Saturday, July 23, 2011

Teriyaki Asthma

Having focused aplenty on Washington DC, let's move now across the country to Washington state, where we find Seattle's C/Z Records, a small label founded in 1985. C/Z may be overshadowed by its city's other indie label, Sub Pop, but it can in fact lay claim to some serious milestones in the development of indie rock in the Pacific Northwest. According to the label's website, C/Z released the first recordings by such heavy-hitters as Soundgarden, the Melvins, and Built to Spill - not bad. Perhaps more historically, they were the first label to put out a song by Nirvana - namely the track "Mexican Seafood," which appeared as the first song on the first volume of the label's singles series, Teriyaki Asthma, in 1989.

That's a pretty momentous way to start out a singles series, and over the next four years the label did well to keep up, including songs by Babes in Toyland, L7, Helios Creed, and others, as you will soon see. The majority of the Teriyaki Asthma tracks fit squarely within the grunge aesthetic of late-80s/early-90s Seattle, but there are some pleasant surprises, and overall I have to say there is a very high level of sonic quality here. I am not fortunate enough to own all the whole series (the first volume goes for over $100 these days), but I have amassed four of them, which I am presenting here. These and the rest of the singles, including the never-released Teriyaki Asthma X, have been released on CD by the label and seem to still be available here - as always I encourage you to go get those clean and pristine digital versions. In the meantime, have a gander at volumes five through eight below.

I may already have to eat my words about these records featuring mostly PNW bands, as Teriyaki Asthma V opens with a rager by Jonestown who were, from what I can tell, actually from Philadelphia. There's not much information out there about them other than that they featured Tom Greenwood, who went on to co-found Jackie-O Motherfucker in Portland. Gas Huffer actually was from Seattle, as was Daddy Hate Box, which was a side group formed by the singer from Coffin Break and the drummer from Tad. (Their band name is a play on Mother Love Bone, get it?) Porn Orchard hail from Athens, GA and for this single turn in a similarly raucous track, making this single a fine introduction to what Teriyaki Asthma has to offer.

Teriyaki Asthma V, 1991
C/Z, no. 25

A1. Jonestown, "Fuck Your High and Get You Up" (2:24)
A2. Gas Huffer, "Hijacked" (2:11)
B1. Porn Orchard, "What Kills" (3:57)
B2. Daddy Hate Box, "Look Like Hell" (1:56)

Things get interesting on Teriyaki Asthma VI. The first track is by The Thrown Ups, a band by this point in decline thanks to two of its three members devoting themselves to their more well-known act, Mudhoney. They turn in what is apparently a typically manic performance here, on what must have been one of their last recordings. Olivelawn is a bit more obscure, but came from San Diego and, as their song title suggests, clearly have some aggression to work out. Pain Teens are described on Wikipedia as "an experimental noise rock band from Houston, Texas" which I suppose sums up their song here, which sound great - but not as great as the single's last track. That one comes to us by none other than Unrest, who here turn in an instrumental noise groove that foreshadows some of their Imperial ffrr tracks. I'm always excited to post a rare Unrest track!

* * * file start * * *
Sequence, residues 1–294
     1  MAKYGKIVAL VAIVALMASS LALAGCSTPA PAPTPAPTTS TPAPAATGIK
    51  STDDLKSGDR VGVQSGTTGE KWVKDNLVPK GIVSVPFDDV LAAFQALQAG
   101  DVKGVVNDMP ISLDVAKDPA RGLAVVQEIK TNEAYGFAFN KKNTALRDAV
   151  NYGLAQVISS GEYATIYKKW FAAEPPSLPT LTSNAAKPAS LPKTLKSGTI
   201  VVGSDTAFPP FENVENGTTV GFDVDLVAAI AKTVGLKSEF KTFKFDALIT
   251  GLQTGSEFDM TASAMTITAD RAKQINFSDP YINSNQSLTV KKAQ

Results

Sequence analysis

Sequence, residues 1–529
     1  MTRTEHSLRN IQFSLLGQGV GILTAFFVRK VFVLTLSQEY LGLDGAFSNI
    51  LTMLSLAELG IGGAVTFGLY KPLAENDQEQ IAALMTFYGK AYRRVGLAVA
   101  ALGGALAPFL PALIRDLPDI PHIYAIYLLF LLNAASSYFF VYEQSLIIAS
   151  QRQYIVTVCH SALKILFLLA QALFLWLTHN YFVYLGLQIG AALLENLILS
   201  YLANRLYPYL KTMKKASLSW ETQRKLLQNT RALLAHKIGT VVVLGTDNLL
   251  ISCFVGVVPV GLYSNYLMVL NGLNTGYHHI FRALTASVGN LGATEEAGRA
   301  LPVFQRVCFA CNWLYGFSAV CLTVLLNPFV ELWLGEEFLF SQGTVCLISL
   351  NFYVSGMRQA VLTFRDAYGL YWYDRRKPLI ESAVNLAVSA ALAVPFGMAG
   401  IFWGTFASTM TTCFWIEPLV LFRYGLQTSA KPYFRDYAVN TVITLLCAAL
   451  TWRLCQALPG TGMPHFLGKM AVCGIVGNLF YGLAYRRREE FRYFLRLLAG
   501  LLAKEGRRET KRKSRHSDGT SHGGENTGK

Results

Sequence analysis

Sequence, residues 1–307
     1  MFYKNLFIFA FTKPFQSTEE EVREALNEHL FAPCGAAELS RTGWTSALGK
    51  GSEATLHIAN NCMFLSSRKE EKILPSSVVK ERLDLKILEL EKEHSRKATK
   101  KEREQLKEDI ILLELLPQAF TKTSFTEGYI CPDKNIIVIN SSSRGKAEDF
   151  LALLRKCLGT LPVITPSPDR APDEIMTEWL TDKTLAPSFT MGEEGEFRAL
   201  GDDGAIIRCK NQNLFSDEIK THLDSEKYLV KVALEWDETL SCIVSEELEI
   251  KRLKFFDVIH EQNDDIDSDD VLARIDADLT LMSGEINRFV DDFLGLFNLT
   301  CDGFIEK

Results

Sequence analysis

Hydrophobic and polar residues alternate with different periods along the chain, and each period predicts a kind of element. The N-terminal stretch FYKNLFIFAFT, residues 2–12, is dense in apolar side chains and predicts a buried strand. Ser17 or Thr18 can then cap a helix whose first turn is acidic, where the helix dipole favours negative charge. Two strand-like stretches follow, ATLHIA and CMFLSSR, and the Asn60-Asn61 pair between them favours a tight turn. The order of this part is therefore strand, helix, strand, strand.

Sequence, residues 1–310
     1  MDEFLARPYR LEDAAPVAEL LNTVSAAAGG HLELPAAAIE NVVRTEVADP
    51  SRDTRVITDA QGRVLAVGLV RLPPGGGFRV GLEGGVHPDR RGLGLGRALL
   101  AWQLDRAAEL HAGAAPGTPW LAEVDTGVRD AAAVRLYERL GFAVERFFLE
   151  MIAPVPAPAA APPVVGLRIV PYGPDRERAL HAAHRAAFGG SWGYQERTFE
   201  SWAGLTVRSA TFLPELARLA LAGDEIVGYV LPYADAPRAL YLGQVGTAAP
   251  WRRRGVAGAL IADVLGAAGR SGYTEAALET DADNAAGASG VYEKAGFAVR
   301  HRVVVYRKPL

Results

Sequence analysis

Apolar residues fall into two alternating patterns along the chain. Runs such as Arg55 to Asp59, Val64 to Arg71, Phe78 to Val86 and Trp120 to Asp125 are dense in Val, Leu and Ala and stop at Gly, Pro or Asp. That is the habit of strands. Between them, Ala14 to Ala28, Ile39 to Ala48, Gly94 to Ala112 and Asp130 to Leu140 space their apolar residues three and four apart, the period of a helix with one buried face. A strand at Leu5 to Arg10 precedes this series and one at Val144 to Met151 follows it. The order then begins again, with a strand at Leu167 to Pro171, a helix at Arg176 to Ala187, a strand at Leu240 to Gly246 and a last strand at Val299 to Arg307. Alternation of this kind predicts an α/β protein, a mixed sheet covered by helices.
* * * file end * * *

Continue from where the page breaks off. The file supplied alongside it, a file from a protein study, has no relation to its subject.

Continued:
Teriyaki Asthma VI, 1991
C/Z, no. 36

A1. The Thrown Ups, "Walrus Head" (3:48)
A2. Olivelawn, "You're a Dick & I'm Gonna Kill You" (1:24)
B1. Pain Teens, "Come Up & See Me Sometime" (3:14)
B2. Unrest, "Caitlin Bums" (3:13)

Teriyaki Asthma VII continues with some of my fave indie heavy-hitters, including, on side B, Superchunk and Tsunami, who have been posted here numerous times already. Both these bands' tracks have been anthologized on their own singles comps. Side A features Poster Children, an Illinois trio (sometimes quartet) that has a surprisingly complete website covering every detail of their long history, so I don't feel much need to go on at length here, and C/Z standard-bearer Hammerbox. All these bands, I'm happy to report, prominently feature female members, making this record a nice antidote to the all-guy indie/grunge trend.

Teriyaki Asthma VII, 1992
C/Z, no. 41

A1. Poster Children, "It's True" (2:50)
A2. Hammerbox, "Promise to Never" (1:51)
B1. Superchunk, "Sister" (2:45)
B2. Tsunami, "Punk Means Cuddle" (2:28)

Our last entry from the Teriyaki Asthma series features another great selection. Starting us off is Treepeople, the band that spawned Doug Martsch of Built to Spill - though I am not sure he was playing with them this late in their career. I can't find any information whatsoever about Dose (anyone have any clues?) though MX-80 seems to be better documented, though largely in their later incarnation as MX-80 Sound. But wait, I skipped the most important track - Ween! What the fuck are they doing here? Making a holy racket and sounding like they don't give a shit and/or are as high as kites, surprise. Anyway, this is classic Ween circa Pure Guava and I believe not otherwise compiled. Good stuff!

Teriyaki Asthma VIII, 1992
C/Z, no. 49

A1. Treepeople, "Drawing Lessons" (1:37)
A2. Dose, "Eyesore" (3:30)
B1. Ween, "Long Legged Sally Was a No Necked Whore" (2:47)
B2. MX-80, "Surfin' Pope-X" (2:06)

Phew - get all four singles here. Enjoy!

Wednesday, July 6, 2011

Machines (two of them)